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State Election Commission Reports 150,000 Attempts to Penetrate Systems on Election Day

by Countable | 7.17.17

What’s the story?

According to the Wall Street Journal, the South Carolina State Election Commission reports that there were 150,000 attempts to penetrate the Election Commission’s voter registration databases on November 8, 2016, the day of the presidential election.

Why does it matter?

The number of attempts in South Carolina, where Donald Trump won handily with 54.9 percent of the vote, doesn’t even compare to contested states, like Illinois. According to an Aug. 26, 2016, report by Illinois’ state computer staff, hackers were hitting the State Board of Elections "5 times per second, 24 hours per day" from late June until Aug. 12, 2016. The Journal reports that 90,000 voter records were successfully accessed in Illinois. However, no individual records were accessed in South Carolina.

The Charleston Post and Courier quotes Executive Director Marci Andino of the South Carolina State Election Commission as stating, that the numbers alone don’t tell the whole story, and contends that hackers might not be solely at fault. She told the paper that, "the system classifies issues such as accessing scvotes.org through Windows XP or incorrectly entering information when looking for a polling place as a "rejected attempt."

She did not tell the paper how many of the "attempts" were likely from actual hackers as opposed to “bad traffic”.

Chris Whitmire, the South Carolina State Election Commission’s director of public information and training told the Journal that "most of the attempted intrusions in that state likely came from automated computer bots, not thousands of individual hackers."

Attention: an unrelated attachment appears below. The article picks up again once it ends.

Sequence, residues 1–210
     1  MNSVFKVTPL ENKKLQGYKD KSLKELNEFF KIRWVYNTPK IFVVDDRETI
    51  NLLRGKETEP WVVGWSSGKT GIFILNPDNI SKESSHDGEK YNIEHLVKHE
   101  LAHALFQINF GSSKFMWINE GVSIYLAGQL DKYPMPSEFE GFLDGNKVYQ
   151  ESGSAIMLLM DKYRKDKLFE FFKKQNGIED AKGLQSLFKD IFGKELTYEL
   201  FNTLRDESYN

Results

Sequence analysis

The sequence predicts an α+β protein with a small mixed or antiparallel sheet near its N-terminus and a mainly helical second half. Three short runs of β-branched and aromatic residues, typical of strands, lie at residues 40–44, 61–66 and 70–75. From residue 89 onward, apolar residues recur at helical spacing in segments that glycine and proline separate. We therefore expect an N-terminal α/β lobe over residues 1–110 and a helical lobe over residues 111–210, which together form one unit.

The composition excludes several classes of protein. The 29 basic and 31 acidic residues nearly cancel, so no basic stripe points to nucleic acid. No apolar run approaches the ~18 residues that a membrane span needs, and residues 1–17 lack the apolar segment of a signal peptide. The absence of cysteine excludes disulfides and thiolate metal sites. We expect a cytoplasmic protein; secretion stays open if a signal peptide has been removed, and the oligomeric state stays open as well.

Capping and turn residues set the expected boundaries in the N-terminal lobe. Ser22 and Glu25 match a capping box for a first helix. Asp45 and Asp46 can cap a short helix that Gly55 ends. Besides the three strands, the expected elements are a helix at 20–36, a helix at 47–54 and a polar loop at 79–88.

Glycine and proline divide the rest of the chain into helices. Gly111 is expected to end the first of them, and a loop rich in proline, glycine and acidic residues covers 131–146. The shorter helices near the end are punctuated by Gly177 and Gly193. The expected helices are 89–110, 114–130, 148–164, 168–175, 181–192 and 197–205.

The Department of Homeland Security was called in by South Carolina officials in September of 2016 to scan the election systems for vulnerabilities. The scans found 55 vulnerabilities, and twenty-five days passed before all but one of the vulnerabilities were addressed.

"I would tell you: up to three weeks to patch a vulnerability, that’s too long," said Curtis Dukes, who was Director of the National Security Agency’s Information Assurance Directorate until January, to the Journal.

What can you do?

Are you concerned about election security? Do you have confidence in your state’s election systems? Are you satisfied with the federal government’s response to these state reports? Use the Take Action button to tell your reps what you think!

— Asha Sanaker

(Photo Credit: DonkeyHotey via Flickr / Creative Commons )

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